Since it was introduced with Android 7.0 Nougat, split screen was actually a really anticipated feature, but it has gone under the radar due to a complete lack of publicizing. Since it’s not advertised absolutely anywhere, and the only way to enable it is to either long press Recents or dragging an app from Recents, it’s not really obvious to everyone. And while it’s not really a forgotten feature, as many tech-savvy users (including myself) use it on a daily basis, it’s mostly absent for a big part of the consumer market. Android P changes the way the split screen is launched in what we think is an attempt to make it more accessible.
Now, in the renewed Recents panel, just tapping the app icon at the top of the preview window brings up a contextual menu, with options to either see the App Info, Split screen mode, and Pin. In my opinion, I don’t think this will make that much of a difference or impact, but then again, I don’t really know Google’s reasoning behind this.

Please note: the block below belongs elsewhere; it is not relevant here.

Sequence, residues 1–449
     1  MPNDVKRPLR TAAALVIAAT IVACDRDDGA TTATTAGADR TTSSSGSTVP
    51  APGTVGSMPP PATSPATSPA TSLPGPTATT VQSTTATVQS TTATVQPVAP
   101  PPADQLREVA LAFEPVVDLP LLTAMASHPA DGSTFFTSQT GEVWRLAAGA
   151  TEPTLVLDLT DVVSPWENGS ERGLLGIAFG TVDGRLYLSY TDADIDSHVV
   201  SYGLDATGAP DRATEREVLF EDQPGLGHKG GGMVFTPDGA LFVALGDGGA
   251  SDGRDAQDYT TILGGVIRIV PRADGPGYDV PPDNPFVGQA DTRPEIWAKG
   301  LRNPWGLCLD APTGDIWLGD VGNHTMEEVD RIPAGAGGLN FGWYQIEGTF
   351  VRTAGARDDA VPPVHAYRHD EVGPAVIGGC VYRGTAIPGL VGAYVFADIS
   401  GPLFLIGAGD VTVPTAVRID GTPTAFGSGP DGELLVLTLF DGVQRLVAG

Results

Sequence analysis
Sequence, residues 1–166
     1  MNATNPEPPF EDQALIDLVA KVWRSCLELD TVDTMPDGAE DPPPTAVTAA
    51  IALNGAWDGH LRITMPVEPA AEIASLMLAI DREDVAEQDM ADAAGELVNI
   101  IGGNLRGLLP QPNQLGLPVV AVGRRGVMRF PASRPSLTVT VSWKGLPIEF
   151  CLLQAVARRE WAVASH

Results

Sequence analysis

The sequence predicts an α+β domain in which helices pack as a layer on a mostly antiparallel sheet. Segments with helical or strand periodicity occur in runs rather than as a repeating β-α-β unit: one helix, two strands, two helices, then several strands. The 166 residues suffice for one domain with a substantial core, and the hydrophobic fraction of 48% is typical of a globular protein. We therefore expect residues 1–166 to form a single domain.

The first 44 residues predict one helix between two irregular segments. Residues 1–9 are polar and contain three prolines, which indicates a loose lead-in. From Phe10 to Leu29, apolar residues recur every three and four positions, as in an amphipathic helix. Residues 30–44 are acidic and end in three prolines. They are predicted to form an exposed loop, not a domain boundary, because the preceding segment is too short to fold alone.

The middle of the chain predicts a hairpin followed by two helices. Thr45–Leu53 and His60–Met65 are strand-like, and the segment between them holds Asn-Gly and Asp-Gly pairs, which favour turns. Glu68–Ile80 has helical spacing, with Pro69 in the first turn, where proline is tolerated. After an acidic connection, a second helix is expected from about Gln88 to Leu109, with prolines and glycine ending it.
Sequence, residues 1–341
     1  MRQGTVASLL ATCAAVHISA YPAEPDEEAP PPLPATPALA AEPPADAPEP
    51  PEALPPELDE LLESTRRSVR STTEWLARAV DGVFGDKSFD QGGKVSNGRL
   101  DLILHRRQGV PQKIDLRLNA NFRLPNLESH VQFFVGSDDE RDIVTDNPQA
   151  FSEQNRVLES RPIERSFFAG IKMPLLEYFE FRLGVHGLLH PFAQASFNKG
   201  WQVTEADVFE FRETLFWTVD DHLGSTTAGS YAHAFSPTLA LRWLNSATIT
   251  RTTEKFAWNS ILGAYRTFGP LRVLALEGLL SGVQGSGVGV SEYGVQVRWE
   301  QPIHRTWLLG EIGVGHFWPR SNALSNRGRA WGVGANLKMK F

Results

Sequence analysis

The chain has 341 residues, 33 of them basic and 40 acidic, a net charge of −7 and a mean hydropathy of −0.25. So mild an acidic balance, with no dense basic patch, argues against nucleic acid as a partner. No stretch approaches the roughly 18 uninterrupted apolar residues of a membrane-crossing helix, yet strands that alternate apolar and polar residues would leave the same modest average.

More machine learning shenanigans being thrown into Android P, this time, to refine the Adaptive Brightness feature. Adaptive Brightness was actually introduced with Android 5.0 Lollipop to replace the 4.x-era Automatic Brightness feature. While automatic would get totally rid of the brightness bar to control absolute brightness using solely the ambient sensor, adaptive would let you use the brightness bar to choose a range of brightness—it would still get dimmer or brighter using the ambient sensor, but you could manually choose how dim or how bright would it get. With Android P, this feature is being refined with machine learning.